#samsung

Bryan Bishop of The Verge was sent the following statement from Google:

The court of appeals will review both infringement and the validity of the patent claims. Most of these don’t relate to the core Android operating system, and several are being re-examined by the US Patent Office. The mobile industry is moving fast and all players — including newcomers — are building upon ideas that have been around for decades. We work with our partners to give consumers innovative and affordable products, and we don’t want anything to limit that.

As generic as possible. And, of course, some of the patents in question do directly relate to “core” Android, as Seth Weintraub points out.

More importantly, Samsung is the *only* OEM that has actually been making money off of Android. So let’s not pretend that this means nothing for the broader Android ecosystem. It means a lot.

With Samsung, if you look at the new iPad, they had fewer issues reaching the higher resolution requests from Apple. They were the first vendor to get to volume with that panel.

NPD DisplaySearch analyst Richard Shim discussing “Retina” displays.

Let’s all take a moment to recall that while Apple may have dropped the hammer on Samsung with their smartphone patent lawsuit, Samsung remains a vital partner. And you can expect that partnership to continue. It’s not personal, it’s business.

Very, very awkward business.

Marco Arment, reacting to Andy Ihnatko’s thoughts that the consumers lose as a result of Apple’s win over Samsung:

What’s really going to disrupt the iPhone is going to be something completely different, not something that tries so hard to clone the iPhone that it hits Apple’s patents.

Unoriginal manufacturers will need to pay for their unoriginality. The most reasonable course of action, therefore, is to truly innovate and design products that aren’t such close copies.

I fail to see how consumers lose.

I completely agree that what will end the iPhone’s run is something totally different, not a copycat. Maybe Apple will make that product, or maybe someone else will. This case does nothing to stop that. It simply stops people from copying the current iPhone.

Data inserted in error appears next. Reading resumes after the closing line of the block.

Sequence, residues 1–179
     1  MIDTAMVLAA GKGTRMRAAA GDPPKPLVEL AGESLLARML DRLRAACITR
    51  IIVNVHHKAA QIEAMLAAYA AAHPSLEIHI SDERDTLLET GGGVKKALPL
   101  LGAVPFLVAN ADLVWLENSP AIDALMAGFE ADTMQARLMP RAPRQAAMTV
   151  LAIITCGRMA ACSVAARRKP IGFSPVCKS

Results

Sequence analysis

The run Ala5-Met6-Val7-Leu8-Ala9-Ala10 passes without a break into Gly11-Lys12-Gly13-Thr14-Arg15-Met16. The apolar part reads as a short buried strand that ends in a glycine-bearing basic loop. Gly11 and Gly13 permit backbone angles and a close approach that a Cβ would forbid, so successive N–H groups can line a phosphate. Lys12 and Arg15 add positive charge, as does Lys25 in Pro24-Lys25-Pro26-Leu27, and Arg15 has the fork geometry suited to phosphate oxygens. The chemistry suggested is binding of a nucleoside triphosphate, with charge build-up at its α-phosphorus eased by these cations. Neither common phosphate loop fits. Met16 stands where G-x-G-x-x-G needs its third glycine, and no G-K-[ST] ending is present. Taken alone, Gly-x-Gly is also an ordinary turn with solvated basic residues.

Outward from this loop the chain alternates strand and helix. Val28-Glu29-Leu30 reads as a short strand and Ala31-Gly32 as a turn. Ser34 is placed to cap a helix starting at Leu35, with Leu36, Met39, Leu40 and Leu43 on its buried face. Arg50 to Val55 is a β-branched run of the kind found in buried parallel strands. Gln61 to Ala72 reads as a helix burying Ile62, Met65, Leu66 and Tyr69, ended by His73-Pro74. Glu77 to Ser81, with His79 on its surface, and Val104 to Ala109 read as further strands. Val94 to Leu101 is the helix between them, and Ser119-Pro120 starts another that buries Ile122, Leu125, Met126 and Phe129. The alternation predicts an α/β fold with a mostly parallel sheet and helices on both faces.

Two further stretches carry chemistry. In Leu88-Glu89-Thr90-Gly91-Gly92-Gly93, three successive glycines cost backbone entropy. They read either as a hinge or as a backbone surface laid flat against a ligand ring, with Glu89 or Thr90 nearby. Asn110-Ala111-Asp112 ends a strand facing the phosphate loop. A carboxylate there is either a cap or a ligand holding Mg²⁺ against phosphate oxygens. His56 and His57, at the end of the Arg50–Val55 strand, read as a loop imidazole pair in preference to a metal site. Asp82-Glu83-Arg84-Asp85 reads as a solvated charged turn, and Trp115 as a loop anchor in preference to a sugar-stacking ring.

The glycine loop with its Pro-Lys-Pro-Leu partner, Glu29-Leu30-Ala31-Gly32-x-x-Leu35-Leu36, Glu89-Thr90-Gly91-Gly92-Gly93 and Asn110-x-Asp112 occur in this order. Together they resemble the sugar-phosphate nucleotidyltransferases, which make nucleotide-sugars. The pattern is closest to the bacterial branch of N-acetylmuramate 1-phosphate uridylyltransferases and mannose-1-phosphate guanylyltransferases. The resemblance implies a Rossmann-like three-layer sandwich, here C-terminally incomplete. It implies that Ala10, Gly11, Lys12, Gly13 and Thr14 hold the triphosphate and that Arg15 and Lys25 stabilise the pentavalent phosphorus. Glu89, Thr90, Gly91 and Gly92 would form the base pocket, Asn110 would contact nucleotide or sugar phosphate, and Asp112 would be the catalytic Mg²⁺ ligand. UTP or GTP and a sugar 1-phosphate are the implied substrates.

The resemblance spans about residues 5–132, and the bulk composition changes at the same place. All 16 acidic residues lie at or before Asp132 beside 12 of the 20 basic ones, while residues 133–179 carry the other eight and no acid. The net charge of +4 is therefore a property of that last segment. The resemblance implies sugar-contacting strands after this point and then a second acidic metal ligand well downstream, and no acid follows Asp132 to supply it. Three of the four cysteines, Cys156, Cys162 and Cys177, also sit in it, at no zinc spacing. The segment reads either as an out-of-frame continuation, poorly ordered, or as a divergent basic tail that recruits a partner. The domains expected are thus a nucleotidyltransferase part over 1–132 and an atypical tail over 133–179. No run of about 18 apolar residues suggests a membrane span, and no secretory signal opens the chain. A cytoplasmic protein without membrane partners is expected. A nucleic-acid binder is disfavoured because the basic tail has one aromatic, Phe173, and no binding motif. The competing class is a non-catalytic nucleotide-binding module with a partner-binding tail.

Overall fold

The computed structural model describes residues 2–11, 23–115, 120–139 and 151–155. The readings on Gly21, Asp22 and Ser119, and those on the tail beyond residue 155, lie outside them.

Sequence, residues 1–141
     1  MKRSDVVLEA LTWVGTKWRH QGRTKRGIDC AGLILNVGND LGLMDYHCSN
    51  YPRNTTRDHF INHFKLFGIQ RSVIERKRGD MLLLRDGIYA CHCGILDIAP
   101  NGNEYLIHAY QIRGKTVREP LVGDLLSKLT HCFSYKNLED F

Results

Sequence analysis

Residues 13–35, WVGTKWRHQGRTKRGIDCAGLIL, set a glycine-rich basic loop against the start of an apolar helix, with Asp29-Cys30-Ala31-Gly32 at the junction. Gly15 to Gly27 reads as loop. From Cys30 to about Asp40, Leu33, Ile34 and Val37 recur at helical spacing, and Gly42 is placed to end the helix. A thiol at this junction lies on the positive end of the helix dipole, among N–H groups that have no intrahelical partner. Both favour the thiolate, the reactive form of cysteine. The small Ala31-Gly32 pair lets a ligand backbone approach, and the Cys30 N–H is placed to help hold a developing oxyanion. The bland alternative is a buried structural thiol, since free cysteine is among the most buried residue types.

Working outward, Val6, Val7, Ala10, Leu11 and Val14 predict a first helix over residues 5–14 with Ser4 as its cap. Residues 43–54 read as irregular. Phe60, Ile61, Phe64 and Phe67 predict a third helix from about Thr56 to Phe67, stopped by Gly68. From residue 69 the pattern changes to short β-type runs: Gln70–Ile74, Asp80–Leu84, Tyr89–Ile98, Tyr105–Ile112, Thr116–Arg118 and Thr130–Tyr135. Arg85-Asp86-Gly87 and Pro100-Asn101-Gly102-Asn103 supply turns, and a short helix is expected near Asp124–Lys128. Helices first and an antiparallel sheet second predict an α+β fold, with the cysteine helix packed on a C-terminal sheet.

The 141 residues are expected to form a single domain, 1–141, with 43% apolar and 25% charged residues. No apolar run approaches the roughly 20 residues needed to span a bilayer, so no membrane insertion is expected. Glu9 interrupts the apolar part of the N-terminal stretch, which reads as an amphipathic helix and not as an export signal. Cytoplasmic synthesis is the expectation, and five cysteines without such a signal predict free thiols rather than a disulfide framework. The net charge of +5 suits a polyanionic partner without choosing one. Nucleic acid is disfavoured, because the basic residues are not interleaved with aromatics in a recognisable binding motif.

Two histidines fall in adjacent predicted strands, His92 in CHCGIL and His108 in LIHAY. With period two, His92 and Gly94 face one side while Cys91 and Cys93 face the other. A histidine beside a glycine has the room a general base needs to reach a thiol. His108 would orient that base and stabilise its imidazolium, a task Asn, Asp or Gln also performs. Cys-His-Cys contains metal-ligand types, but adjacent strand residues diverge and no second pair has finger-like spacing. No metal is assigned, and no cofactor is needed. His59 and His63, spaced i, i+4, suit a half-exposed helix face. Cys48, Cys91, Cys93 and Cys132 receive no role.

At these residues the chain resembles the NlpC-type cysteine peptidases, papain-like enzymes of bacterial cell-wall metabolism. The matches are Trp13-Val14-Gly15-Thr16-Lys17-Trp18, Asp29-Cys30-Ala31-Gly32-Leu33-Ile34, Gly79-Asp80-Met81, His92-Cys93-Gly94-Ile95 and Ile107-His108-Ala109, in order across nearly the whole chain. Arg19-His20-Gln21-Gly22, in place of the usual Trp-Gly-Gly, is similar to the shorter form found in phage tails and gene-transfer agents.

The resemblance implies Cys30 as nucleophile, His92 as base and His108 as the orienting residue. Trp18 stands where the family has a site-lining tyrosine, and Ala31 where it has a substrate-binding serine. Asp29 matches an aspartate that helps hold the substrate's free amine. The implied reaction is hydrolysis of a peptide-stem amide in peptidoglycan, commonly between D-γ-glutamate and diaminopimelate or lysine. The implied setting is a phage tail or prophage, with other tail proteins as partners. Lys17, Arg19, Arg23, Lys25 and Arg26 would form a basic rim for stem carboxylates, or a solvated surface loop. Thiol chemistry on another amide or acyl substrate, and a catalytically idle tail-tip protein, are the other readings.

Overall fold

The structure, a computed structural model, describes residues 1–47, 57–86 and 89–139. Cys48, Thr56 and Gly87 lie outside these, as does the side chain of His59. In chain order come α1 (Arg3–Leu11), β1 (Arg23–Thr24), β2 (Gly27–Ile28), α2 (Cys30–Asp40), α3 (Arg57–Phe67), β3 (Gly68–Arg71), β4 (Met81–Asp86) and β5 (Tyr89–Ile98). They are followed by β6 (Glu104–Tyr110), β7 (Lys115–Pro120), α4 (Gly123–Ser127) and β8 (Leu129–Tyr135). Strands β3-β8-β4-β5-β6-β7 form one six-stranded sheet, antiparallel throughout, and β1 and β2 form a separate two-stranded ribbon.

What does worry me about this lawsuit is that it’s going to lead to many more. And it makes patents even more important, and as such, more valuable. That could end up hurting many companies, both large and small. And it could distract from innovation because everyone will be so preoccupied with filing patents, looking for ones that they might be infringing upon, or in court.

We’re going to touch this with our fingers. And we have invented a new technology called multi-touch, which is phenomenal. It works like magic. You don’t need a stylus. It’s far more accurate than any touch display that’s ever been shipped. It ignores unintended touches, it’s super-smart. You can do multi-finger gestures on it. And boy, have we patented it.

Steve Jobs, on January 9, 2007 unveiling the iPhone.

The other money quote.

(via @tconrad)

wired
wired:

Samsung owes Apple more than $1 billion in damages for violating Apple hardware and software patents, a California jury ruled on Friday.
The jury found that Samsung infringed upon Apple patents having to do with physical design and user interfaces, often willfully, and that several of the South Korean company’s products diluted Apple’s trade dress, especially as it related to various iPhone models.
More @ Gadget Lab.

$1,049,343,540, to be exact.

wired:

Samsung owes Apple more than $1 billion in damages for violating Apple hardware and software patents, a California jury ruled on Friday.

The jury found that Samsung infringed upon Apple patents having to do with physical design and user interfaces, often willfully, and that several of the South Korean company’s products diluted Apple’s trade dress, especially as it related to various iPhone models.

More @ Gadget Lab.

$1,049,343,540, to be exact.

thisistheverge
thisistheverge:

Apple decisively wins Samsung trial: what it means
Nilay Patel on what this all means: